Obesity Rise Hurts Health More Than Smoking
Study Shows Obesity Epidemic Creating New Challenges to Public Health
Jan. 5, 2010 -- America's obesity epidemic now poses an equal or greater
threat to health-related quality of life than smoking, according to a new
Researchers say that as obesity in America has risen dramatically in recent
years -- and smoking rates have declined -- the contribution of obesity to the
burden of disease and shortening of life has increased while smoking's role has
The study showed that from 1993 to 2008, the proportion of smokers among
U.S. adults declined by 18.5% while the proportion of obese adults increased
Using information from nationwide annual health-related quality-of-life
surveys conducted during the same time period, researchers calculated the
Quality-Adjusted Life Years (QALYs) lost due to these two major health risk
The results, published in the American Journal of Preventive Health,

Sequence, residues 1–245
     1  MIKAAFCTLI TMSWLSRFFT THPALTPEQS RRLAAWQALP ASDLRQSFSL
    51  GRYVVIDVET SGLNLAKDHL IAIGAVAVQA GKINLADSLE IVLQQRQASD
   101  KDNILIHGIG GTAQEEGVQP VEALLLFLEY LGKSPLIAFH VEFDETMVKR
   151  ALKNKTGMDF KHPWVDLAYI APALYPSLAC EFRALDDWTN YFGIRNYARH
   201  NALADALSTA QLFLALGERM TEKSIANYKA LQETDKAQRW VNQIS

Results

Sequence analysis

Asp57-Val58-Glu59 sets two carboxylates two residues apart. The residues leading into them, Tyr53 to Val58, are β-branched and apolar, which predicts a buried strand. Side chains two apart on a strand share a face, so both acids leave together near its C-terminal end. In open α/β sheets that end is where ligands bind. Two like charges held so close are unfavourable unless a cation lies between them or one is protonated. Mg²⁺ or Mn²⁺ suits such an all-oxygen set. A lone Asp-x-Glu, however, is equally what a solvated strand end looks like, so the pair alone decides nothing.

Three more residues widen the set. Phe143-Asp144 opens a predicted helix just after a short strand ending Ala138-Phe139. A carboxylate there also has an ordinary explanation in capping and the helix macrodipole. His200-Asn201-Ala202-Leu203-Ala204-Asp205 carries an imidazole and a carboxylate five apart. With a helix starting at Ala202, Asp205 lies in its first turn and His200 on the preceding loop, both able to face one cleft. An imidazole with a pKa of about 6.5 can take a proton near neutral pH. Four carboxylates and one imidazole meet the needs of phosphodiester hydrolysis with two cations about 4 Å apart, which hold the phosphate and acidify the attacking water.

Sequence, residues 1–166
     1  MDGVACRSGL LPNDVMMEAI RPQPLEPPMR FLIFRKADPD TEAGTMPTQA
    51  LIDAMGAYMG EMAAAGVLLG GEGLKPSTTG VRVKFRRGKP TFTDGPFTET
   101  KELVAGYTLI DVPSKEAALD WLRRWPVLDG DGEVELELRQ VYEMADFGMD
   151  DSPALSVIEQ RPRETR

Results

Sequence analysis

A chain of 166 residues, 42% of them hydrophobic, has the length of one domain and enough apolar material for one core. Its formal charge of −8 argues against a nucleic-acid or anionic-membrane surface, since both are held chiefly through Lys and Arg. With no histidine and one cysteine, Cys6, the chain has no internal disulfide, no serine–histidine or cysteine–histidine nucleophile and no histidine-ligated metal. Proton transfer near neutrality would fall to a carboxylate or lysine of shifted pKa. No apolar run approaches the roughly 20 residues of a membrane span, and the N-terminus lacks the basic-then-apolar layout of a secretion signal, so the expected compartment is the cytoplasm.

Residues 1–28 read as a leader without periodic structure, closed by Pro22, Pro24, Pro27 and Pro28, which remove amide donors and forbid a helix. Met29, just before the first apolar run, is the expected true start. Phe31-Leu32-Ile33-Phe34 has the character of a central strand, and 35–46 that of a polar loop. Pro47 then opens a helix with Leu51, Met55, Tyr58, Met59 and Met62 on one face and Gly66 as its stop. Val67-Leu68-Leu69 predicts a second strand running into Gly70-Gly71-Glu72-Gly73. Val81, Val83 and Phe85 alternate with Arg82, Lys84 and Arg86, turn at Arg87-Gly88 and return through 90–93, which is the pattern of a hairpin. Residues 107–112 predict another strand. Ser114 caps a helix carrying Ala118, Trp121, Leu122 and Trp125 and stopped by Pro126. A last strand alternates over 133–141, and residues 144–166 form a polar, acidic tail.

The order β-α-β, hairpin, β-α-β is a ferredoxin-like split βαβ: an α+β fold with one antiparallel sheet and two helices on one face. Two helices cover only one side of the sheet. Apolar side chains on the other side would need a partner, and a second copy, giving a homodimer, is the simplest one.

show that smoking-related QALYs lost remained relatively stable during this
time period at 0.0438, or 16 days of healthy life lost per adult
Meanwhile, as the obesity epidemic increased the quality-of-life problems
caused by obesity increased and accounted for 0.0464 QALYs lost.
Researchers say smoking had a bigger impact on deaths while obesity had a
bigger effect on illness.
"Because of the marked increase in the proportion of obese people, obesity
has become an equal, if not greater contributor to the burden of disease than
smoking," write researcher Haomiao Jia, PhD, of Columbia University, and
colleagues. "Such data are essential in setting targets for reducing modifiable
health risks and eliminating health disparities."